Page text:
HK Occupy protests nearing end

By Catherine Wong Tsoi-lai Source:Global Times Published: 2014-11-26 0:13:01

Police clear Mong Kok, arrest 80 demonstrators

Journalists gather as workers assist bailiffs in removing a barricade under a court injunction in the Mong Kok district of Hong Kong on Tuesday. The site has seen some of the more violent clashes during nearly two months of Occupy sit-ins. Photo: AFP

The Occupy protests in Hong Kong are approaching an end, experts and legislators say, after local authorities successfully cleared a key protest camp in the bustling district of Mong Kok and arrested 80 protesters on Tuesday following a court order to reopen a road.

Traffic on Mong Kok's Argyle Street resumed in the late afternoon after court-appointed bailiffs cleared away barricades and tents erected by demonstrators, who remained largely calm, only resisting the clearance at several points.

Most protesters left the Argyle Street site after its clearance, but some retreated toward nearby Portland Street, snarling traffic and causing shopkeepers on the street to shutter their stores, according to reports from Radio Television Hong Kong.

Some 3,000 police officers were deployed to assist the bailiffs in the operation, a much higher number than were used to assist in the clearance of a protest site in Admiralty district on November 18.

Riot police moved into the area in the evening and used tear spray to disperse demonstrators blocking Portland Street.

Police said a total of 80 people were arrested during the clearance of the Mong Kok site, with some arrested after scuffles broke out when protesters refused to obey requests they leave the protest site. Others were arrested later for blocking Portland Street.

The operation in Mong Kok comes a week after the partial clearance of another protest site next to the local government headquarters in Admiralty, bringing an end to the months-long protest movement into sight.

Some 3,000 police officers also stood guard at the former protest site in Admiralty on Tuesday.

Hong Kong Chief Executive Leung Chun-ying expressed on Tuesday his hope that business could resume for shops in the area. He also reiterated that the protest was an unlawful assembly, and called for the demonstrators to respect and obey the law.

"The common call of Hong Kong people has finally been answered. Now [the protest] is coming to an end which is necessary and inevitable. The public has suffered enough," Leticia Lee See-yin , a co-founder of the anti-Occupy Blue Ribbon Movement, told the Global Times.

"Many of our members are living in Mong Kok or operating their businesses in the area. They are all angry at the protest for affecting their business. Two shop owners even shut down their stores because they can no longer afford losses caused by the protest," said Lee.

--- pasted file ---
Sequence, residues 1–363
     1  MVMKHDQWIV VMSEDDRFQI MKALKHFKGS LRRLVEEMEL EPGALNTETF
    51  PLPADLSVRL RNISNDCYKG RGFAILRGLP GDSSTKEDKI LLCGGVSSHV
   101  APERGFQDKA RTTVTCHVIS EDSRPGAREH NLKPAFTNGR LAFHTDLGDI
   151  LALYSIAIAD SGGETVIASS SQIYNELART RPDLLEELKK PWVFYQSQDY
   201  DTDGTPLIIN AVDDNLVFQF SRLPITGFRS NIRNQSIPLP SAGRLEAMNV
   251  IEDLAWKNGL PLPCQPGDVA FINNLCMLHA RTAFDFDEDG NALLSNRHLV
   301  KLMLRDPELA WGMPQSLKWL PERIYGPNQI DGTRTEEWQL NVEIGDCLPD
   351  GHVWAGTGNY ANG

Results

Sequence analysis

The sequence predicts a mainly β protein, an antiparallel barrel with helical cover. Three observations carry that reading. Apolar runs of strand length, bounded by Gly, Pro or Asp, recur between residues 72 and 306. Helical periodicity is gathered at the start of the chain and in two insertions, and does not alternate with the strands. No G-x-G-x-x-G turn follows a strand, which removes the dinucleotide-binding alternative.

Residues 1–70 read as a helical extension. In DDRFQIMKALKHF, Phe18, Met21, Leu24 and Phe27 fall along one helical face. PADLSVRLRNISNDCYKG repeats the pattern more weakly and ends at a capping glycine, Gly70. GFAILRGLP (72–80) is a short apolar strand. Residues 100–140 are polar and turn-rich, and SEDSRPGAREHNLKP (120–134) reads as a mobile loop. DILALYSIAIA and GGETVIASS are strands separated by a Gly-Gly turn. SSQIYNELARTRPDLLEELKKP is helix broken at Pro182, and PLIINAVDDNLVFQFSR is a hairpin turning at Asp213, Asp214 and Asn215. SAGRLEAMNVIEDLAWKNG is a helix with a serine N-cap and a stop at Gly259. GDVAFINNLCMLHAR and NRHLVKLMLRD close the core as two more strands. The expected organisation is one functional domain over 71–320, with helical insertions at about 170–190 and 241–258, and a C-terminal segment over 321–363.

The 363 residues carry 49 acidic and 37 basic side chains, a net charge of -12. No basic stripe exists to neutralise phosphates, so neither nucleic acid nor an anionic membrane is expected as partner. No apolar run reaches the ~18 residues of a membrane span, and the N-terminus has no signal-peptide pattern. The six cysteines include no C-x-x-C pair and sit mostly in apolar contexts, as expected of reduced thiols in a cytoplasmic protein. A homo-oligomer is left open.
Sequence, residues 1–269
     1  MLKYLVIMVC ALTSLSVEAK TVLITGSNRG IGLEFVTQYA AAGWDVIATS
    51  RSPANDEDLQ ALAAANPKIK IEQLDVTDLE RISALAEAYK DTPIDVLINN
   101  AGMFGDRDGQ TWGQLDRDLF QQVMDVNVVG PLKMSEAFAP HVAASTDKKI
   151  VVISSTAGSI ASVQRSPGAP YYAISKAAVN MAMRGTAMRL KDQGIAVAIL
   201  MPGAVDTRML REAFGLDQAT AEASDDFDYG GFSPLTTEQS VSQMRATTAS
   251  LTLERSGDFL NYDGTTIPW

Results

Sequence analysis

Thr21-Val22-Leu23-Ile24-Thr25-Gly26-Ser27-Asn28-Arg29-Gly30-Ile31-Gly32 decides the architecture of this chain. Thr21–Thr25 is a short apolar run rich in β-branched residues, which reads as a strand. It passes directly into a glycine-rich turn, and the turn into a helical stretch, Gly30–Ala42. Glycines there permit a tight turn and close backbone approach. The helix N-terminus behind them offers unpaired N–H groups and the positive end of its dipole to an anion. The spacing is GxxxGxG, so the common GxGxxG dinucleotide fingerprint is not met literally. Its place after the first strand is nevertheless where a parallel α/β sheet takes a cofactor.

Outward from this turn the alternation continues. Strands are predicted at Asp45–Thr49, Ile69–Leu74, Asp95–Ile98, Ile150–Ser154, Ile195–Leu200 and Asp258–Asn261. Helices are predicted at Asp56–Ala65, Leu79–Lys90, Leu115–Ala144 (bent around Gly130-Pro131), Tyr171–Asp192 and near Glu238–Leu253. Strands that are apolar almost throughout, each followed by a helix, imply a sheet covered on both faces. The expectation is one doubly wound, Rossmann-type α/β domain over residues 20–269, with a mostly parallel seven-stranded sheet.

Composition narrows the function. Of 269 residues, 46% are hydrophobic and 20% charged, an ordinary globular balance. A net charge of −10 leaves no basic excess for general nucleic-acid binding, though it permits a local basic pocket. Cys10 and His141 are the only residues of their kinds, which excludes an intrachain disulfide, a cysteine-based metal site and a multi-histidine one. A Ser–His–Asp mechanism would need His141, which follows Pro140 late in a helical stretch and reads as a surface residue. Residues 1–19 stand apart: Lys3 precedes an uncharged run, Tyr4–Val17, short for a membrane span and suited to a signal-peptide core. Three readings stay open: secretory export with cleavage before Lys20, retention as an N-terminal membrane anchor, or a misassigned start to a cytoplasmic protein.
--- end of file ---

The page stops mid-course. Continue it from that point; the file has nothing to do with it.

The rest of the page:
Dubbed a "high-risk area" by local police and government officials, the working-class district of Mong Kok has reportedly been home to a larger group of radical protesters and has seen some of the most violent clashes during the nearly two months of the ongoing Occupy protests demanding "genuine" democratic elections for the city's next leader in 2017.

Legislators believe the successful clearance of the Mong Kok site has proven that the protests are diminishing as they approach an end.

"The authorities encountered much less resistance compared to a month ago when protesters reacted violently when police tried to remove barricades in the same area in Mong Kok. Now the public has expressed a stronger desire than ever for the protest to end. It is time for the main organizers to announce their departure from the campaign," Tang Ka-piu, a lawmaker with the Federation of Trade Unions, told the Global Times.

The three co-founders of the movement, Benny Tai Yiu-ting, Chu Yiu-ming and Chan Kin-man said earlier that they would turn themselves in to police next Friday. Representatives of the two other major organizers of the protests, Hong Kong Federation of Students and Scholarism, have not announced their plans for further action.

Chief Secretary Carrie Lam, Hong Kong's number two official, said on Tuesday that the government is currently preparing for a second round of consultation for the 2017 election, but expressed concerns over whether the protests would stall progress.

Read more: Mainland attitude sealed fate of HK protest

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